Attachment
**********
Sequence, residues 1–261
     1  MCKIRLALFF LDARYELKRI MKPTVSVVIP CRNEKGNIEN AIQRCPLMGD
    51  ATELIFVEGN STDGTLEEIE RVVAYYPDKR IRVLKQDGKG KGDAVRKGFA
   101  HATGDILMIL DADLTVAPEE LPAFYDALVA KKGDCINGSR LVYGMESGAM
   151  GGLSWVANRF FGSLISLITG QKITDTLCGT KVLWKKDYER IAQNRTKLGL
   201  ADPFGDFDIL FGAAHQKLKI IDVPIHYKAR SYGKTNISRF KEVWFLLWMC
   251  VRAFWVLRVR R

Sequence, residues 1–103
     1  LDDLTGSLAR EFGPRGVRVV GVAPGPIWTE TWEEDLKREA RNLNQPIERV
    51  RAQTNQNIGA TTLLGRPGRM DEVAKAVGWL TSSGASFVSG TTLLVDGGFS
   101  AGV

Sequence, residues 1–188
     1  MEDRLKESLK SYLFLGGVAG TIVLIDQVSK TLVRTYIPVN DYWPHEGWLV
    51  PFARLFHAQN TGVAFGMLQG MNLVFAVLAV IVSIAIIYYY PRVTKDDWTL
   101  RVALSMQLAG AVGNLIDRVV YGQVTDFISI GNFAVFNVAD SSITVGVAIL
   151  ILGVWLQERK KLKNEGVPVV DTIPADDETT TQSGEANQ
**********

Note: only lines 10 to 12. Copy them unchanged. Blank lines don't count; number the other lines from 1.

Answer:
    51  RAQTNQNIGA TTLLGRPGRM DEVAKAVGWL TSSGASFVSG TTLLVDGGFS
   101  AGV

Sequence, residues 1–188